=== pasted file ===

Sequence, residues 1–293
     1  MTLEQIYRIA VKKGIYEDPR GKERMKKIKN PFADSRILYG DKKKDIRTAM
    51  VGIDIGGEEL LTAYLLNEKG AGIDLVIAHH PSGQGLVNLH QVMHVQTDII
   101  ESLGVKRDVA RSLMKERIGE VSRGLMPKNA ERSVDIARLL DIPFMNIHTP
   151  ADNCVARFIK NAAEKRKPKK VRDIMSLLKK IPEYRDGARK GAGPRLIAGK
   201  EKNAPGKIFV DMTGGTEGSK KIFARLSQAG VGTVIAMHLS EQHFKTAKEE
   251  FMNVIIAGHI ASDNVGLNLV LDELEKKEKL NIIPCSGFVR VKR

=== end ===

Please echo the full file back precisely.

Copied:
Sequence, residues 1–293
     1  MTLEQIYRIA VKKGIYEDPR GKERMKKIKN PFADSRILYG DKKKDIRTAM
    51  VGIDIGGEEL LTAYLLNEKG AGIDLVIAHH PSGQGLVNLH QVMHVQTDII
   101  ESLGVKRDVA RSLMKERIGE VSRGLMPKNA ERSVDIARLL DIPFMNIHTP
   151  ADNCVARFIK NAAEKRKPKK VRDIMSLLKK IPEYRDGARK GAGPRLIAGK
   201  EKNAPGKIFV DMTGGTEGSK KIFARLSQAG VGTVIAMHLS EQHFKTAKEE
   251  FMNVIIAGHI ASDNVGLNLV LDELEKKEKL NIIPCSGFVR VKR